I didn’t always feel boosted.
When pride becomes a downer
Our study looked at new parents’ use of Facebook. It followed 182 dual-earner couples who were expecting their first child across the year surrounding their transition to parenthood.
When their babies were nine months old, we surveyed these mothers and fathers about their use of Facebook and other social networking sites in the early months of parenthood.
We asked our questions of fathers as well as of mothers, but we quickly discovered that mothers were the ones spending more time on social networking sites and taking primary responsibility for posting baby photos. Thus, we focused our research on new mothers.
One of the first things we discovered was that certain mothers – specifically, those who were more concerned with others validating their identities as mothers and those who believed that others expect them to be perfect parents – were more active on Facebook. They reported stronger emotional reactions when posted photos of their child received more or fewer likes and comments than anticipated.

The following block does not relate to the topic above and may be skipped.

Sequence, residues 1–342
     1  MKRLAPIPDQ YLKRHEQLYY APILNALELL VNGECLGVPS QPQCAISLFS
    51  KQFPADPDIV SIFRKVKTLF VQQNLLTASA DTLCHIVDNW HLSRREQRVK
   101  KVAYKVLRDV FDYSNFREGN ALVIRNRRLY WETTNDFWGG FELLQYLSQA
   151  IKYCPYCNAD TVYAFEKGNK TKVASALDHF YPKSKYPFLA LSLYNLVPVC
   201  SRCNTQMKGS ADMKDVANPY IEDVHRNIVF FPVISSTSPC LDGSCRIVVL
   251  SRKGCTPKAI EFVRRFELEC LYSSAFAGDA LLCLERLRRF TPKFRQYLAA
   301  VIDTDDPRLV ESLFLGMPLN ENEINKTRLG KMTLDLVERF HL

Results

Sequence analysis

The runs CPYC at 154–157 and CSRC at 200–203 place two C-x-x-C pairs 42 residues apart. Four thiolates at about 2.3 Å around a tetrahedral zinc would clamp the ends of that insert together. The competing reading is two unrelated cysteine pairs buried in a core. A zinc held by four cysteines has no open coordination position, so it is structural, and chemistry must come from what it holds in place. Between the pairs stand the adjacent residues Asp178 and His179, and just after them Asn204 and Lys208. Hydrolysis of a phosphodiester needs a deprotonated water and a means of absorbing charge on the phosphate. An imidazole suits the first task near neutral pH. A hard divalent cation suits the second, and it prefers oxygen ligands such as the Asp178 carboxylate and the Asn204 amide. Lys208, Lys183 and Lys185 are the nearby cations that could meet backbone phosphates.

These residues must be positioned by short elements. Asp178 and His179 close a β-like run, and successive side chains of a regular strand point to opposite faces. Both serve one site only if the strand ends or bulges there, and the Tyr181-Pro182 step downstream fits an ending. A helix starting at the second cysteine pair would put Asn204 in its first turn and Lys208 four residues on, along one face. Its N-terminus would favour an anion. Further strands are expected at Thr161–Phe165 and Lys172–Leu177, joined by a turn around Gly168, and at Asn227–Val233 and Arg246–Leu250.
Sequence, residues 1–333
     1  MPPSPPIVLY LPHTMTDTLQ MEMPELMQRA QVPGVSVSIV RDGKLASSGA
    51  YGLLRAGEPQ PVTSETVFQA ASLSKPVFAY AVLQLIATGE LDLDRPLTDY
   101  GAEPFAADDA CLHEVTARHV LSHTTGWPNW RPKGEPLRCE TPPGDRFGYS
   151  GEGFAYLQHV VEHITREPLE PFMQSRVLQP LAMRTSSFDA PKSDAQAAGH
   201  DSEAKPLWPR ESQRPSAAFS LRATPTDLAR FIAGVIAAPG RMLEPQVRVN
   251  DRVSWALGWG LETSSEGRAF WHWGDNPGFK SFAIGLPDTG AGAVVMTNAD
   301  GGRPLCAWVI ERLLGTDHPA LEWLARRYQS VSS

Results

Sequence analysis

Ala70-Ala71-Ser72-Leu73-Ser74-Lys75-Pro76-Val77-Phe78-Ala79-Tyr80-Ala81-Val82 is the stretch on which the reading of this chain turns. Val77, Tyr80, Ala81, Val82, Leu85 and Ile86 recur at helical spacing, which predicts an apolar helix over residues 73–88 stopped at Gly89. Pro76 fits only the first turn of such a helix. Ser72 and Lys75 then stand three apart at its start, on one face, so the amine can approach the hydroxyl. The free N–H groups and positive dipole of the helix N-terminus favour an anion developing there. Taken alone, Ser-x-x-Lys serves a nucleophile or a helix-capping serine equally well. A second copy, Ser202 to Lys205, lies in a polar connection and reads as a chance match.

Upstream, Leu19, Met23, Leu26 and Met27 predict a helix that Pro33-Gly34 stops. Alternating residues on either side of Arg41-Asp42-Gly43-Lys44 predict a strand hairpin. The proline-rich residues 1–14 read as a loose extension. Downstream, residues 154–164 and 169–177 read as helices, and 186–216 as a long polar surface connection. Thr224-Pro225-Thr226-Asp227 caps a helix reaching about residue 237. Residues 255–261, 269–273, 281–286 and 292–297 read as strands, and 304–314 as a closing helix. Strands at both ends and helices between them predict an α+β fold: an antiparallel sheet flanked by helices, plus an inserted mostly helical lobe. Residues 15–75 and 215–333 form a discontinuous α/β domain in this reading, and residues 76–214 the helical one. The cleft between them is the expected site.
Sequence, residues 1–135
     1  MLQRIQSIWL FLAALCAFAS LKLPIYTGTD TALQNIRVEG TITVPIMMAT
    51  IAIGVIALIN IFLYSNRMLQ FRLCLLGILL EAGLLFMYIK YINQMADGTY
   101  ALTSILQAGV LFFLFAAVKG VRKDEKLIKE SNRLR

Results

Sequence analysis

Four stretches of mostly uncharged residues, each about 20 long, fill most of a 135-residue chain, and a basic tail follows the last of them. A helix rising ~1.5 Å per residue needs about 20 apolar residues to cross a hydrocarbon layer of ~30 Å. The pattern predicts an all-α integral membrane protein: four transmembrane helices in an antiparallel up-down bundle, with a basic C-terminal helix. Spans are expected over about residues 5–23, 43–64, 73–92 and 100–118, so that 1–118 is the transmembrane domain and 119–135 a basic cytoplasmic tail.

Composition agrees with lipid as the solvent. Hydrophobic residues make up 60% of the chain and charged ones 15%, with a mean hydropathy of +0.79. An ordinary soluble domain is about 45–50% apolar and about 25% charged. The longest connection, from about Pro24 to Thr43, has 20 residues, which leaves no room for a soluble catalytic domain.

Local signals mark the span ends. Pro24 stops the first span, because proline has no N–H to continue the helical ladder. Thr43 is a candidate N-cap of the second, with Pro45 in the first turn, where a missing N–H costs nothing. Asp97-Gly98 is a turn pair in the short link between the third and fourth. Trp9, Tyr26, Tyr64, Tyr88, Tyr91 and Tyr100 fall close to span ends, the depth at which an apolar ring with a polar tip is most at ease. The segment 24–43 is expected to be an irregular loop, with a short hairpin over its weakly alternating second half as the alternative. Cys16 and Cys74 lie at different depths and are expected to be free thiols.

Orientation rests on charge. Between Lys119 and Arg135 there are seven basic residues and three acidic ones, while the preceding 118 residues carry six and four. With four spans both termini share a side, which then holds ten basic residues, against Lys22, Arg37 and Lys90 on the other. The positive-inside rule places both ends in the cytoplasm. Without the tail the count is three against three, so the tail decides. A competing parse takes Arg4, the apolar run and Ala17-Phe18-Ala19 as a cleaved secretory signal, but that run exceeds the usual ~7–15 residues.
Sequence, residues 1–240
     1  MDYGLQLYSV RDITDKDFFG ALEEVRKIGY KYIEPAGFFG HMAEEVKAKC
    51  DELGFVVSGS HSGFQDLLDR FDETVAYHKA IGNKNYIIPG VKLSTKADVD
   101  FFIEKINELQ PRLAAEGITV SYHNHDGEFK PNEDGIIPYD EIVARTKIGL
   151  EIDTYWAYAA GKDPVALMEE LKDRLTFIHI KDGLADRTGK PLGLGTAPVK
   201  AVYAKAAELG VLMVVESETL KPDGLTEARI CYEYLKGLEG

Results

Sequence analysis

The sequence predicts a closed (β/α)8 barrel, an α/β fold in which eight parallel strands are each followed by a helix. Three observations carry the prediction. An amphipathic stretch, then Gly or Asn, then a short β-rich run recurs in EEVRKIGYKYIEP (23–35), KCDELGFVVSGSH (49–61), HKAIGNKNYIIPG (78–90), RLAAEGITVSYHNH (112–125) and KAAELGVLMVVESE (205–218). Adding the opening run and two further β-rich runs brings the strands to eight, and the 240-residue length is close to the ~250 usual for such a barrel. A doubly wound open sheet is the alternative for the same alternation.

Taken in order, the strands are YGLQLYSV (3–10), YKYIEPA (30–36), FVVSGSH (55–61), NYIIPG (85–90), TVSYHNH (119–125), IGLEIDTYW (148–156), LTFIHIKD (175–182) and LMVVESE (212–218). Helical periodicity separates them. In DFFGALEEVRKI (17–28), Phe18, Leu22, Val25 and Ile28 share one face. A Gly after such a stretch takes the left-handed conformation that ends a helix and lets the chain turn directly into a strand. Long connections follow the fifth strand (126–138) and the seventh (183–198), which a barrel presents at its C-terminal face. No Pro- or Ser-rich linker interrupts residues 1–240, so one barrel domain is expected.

We then tested whether Facebook use was associated with elevated depressive symptoms in the first months of parenthood. Indeed, we found that mothers who were more prone to seek external validation for their mothering identity and were perfectionistic about parenting experienced increases in depressive symptoms indirectly through higher levels of Facebook activity. Moreover, greater Facebook activity was also linked to elevated parenting stress for new mothers.
Inevitable comparisons bring stress
How might greater Facebook use lead new mothers to feel stressed and blue?
A related study may provide an answer. Based on survey data from 721 mothers, Sarah Coyne from Brigham Young University and her colleagues reported that mothers who more frequently compared themselves to others on social networking sites felt more depressed, more overloaded in the parental role, and less competent as parents.
The authors noted that people tend to portray themselves in a highly positive manner on social networking sites. This may be particularly true for mothers, who can feel pressured to be perfect parents.